The Difference Between Print Books and eBooks


Everyone is familiar with how paper books look – we’ve grown up with them, and they’ve been around for hundreds of years.  Ebooks, on the other hand, are new territory, and often do not behave the same way that paper books do.  A lot of people aren’t entirely sure about how a paper book translates into an eBook, and – quite naturally – make assumptions based on what they’re familiar with.  Sometimes that’s a little bit wrong, and in a few cases, it’s very wide of the mark.


The biggest difference is that when you lay out a print book, you know exactly how much space there is on each page.  You know that it’s a paperback, or a hardbound book.  You know what kind of binding the book has.  You probably even know the kind of paper it’ll be printed on.  This allows you to lay out the text just so, and make any images large enough to look right, add sideboxes, tables, charts, or whatever else you want, and do so very precisely.

Ebooks are not like that.  You don’t know what kind of device your reader will be using. It could be any one of the devices shown below.  Color or black and white?  A small phone screen or a big PC screen?  eInk or LCD?  There are all kinds of variables!  On top of that, most eReading applications allow your reader to choose things like the line spacing, font size, and even the font – which is why you shouldn’t (and mostly can’t) force your choices for those on the reader.  For some people, this is a godsend: my former elementary school teacher commented that she could finally read a wide range of books again on the Kindle thanks to the possibility to set a very large font size that’s easier on her eyes.

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On the above devices, how can you tell how much “one page” of text is?  It changes from device to device!

All of this means that, in some ways, your book is a lot more like a web page that readers page through than a book with clearly delineated pages.


It also means that your book is better off if content is linear with one thing following the next.  Elements like sidebars don’t work very well – think about trying to have a sidebar and text side by side on a mobile phone screen!  We have another post explaining how to make content linear: “The One Thing about Kindle Formatting” .


Another thing that often needs explaining are footnotes.  If you don’t have pages, you can’t put things at the bottom of them.  eBooks use hyperlinks, so rather than footnotes, we use endnotes, which work pretty well.  The reader can easily click on the link to the footnote, read it, and then hop back to the main text.

Starting Location

Print books, obviously, are opened from the front and then you flip through things like the copyright page more or less quickly, depending on your curiosity, to get to the actual contents.  eBooks traditionally start at the actual contents themselves, which would typically be the introduction, or first chapter.  This confuses a lot of people, who are used to print books.  But it’s what people reading eBooks are getting used to, so we recommend sticking with what most (but not all) books do and starting where your content starts.  Most people have already seen the cover while buying your book, and they can easily go back and view that or other front matter if they wish to do so.  Don’t force them to.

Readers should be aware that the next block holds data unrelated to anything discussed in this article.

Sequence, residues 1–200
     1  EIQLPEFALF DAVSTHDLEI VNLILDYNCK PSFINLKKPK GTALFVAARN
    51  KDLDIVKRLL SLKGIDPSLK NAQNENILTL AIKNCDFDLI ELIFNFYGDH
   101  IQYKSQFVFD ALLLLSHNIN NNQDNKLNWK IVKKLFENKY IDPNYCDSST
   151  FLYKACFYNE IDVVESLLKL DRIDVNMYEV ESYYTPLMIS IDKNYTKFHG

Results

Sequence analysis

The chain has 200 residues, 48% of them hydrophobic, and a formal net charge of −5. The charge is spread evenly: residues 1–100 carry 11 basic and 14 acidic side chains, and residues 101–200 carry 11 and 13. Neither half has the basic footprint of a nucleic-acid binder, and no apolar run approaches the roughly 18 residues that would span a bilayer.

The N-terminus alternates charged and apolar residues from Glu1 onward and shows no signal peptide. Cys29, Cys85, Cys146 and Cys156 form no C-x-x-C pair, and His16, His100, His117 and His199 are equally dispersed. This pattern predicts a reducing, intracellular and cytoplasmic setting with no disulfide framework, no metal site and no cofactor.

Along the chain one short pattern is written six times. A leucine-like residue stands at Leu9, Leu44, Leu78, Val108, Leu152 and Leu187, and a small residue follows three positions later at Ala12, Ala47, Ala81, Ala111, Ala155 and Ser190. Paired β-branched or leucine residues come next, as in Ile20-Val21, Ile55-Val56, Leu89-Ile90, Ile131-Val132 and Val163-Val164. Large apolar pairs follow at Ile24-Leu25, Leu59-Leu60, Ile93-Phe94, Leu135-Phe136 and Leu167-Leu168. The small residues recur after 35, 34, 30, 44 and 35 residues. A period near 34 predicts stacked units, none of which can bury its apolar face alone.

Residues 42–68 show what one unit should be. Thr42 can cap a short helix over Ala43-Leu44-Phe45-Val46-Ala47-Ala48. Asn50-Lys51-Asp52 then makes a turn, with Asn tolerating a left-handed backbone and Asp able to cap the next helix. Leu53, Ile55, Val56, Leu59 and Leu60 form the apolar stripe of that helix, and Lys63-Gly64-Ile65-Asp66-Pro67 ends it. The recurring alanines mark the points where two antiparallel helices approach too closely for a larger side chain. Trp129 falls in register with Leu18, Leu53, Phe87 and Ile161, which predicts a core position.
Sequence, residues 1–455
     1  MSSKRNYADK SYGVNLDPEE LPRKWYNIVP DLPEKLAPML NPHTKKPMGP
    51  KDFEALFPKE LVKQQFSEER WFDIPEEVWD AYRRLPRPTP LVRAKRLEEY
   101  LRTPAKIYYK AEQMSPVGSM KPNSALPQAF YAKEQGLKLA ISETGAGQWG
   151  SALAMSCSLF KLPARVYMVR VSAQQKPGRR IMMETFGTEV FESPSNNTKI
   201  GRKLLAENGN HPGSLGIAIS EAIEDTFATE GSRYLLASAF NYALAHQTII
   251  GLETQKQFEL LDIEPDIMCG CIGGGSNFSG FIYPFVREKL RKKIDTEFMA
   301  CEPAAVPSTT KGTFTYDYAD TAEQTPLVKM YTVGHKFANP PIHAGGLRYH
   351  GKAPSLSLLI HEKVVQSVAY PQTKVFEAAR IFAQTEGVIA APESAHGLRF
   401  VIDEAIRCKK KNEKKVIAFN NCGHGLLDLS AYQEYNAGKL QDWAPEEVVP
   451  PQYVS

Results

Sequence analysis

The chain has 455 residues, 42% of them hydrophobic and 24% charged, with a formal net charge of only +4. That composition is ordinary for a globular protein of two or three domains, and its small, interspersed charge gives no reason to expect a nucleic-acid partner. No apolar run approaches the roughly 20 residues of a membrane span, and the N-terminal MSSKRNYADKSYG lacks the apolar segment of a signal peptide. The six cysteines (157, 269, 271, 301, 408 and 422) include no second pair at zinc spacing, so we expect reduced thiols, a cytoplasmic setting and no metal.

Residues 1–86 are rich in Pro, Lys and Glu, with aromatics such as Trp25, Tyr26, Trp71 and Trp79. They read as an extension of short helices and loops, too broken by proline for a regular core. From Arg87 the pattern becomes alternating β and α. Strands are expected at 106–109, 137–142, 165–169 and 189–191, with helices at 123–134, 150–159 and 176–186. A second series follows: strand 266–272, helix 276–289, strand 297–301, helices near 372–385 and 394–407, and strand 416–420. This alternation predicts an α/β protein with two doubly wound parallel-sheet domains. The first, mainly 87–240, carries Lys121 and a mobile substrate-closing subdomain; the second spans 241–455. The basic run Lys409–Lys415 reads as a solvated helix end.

Back Cover

Kindle books don’t have back covers.  You should definitely invest in making a nice front cover for your book, as that will be displayed on Amazon when people are looking around at books to buy, but a back cover does not figure in the eBook world.   Print books have back covers that people see when they pick up the book and look at it, so they end up being fairly important in the sales process.  But eBooks, if they have a back cover at all, would likely only have one in an out-of-the-way place that would only be seen by people who actually buy the book.  Here is some more information on eBook covers:


While a hyperlinked table of contents is part and parcel of a professionally formatted eBook, an index is a different matter, and rarely included.  One reason is that eBooks are very easy to search.  Type in “Venice” and your reading device will come up with a list of all mentions of the word Venice in the book you’re reading.  A good index does more than point to all instances of a word – it points to the most important mentions of the word.  In any event, though, given the ease of search in eBooks, and the cost of going through by hand and creating a hyperlinked index, it’s generally omitted, even from books from major publishers.

If this all sounds a bit negative, I don’t think it is – it means that you, as an author, can concentrate on your writing, and not worry too much about the formatting.  One of the very positive aspects of the relatively simple state of formatting for Kindles, for instance, is that your book, formatted by LiberWriter – or even on your own if you take the time to learn how to do it – is going to look just as good as those published by a big publishing house, because even if they wanted to shower money on making the book look “fancy”, there’s just not that much they can do.  That’s a big point in favor of self-published authors!